A good host leaves an impression and looking and smelling good is an important part of that equation. This holiday season, create a scent that lingers on your guests’ minds long after the party is over.
At Sifr Aromatics, third-generation Singaporean perfumer Johari Kazura can craft a fragrance to your specifications.
The 39-year-old economics graduate learnt about perfume from his father and grandfather, and trained in Grasse, a town in southern France that is widely regarded as the perfume capital of the world. The customisation process begins with a discussion about the customer’s preferences.
Appropriate ingredients are then introduced – bergamot, musk, neroli, vetiver and so on. The scent can be concocted as quickly as by the end of the first session or take as long as a few weeks, depending on its complexity.
“It’s like a whisky or a wine, you just have to let it sit to mature,” says Johari.
He likens the switch from commercial scents to custom-made ones to a maturing palate. “When you’re a kid, anything sweet is good,” he says. “As you get older, you still like sweet things but your taste is more refined.” 42 Arab Street.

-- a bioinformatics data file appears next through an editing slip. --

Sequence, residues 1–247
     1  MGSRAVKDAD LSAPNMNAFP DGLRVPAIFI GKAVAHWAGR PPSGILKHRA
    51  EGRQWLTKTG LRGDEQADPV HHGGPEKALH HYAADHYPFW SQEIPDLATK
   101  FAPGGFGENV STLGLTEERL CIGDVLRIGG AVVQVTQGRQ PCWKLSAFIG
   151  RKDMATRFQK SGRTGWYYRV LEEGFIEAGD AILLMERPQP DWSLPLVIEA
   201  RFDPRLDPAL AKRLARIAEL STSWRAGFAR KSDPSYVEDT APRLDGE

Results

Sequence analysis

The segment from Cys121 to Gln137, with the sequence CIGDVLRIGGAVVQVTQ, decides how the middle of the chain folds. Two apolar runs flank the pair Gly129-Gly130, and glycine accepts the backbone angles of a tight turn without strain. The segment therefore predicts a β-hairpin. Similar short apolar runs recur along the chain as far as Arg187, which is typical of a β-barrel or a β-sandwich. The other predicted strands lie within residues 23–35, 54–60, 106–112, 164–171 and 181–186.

Sniff This Out
Perfume customisation services aren’t as common as they should be. We suggest options below.
Oud to Joy
Four-month-old Fragrance du Bois hails from France and crafts fragrances that are centred on oud – a rare resinous substance created by a fungus that grows only on aquilaria and gyrinops trees. Perfume specialists introduce customers to various ingredients and blends them on the spot, based on what buyers respond to. #01-07, The Fullerton Hotel.
Nose for Hire
A bespoke perfume-making service may not be offered at 140-year-old British fragrance label Penhaligon’s, but it does offer a fragrance profiling service. Instead of trying everything like one would at a department store, the staff asks questions and makes suggestions, along with giving an explanation on the make of different scents, before you make your purchase. #01-33, The Shoppes at Marina Bay Sands.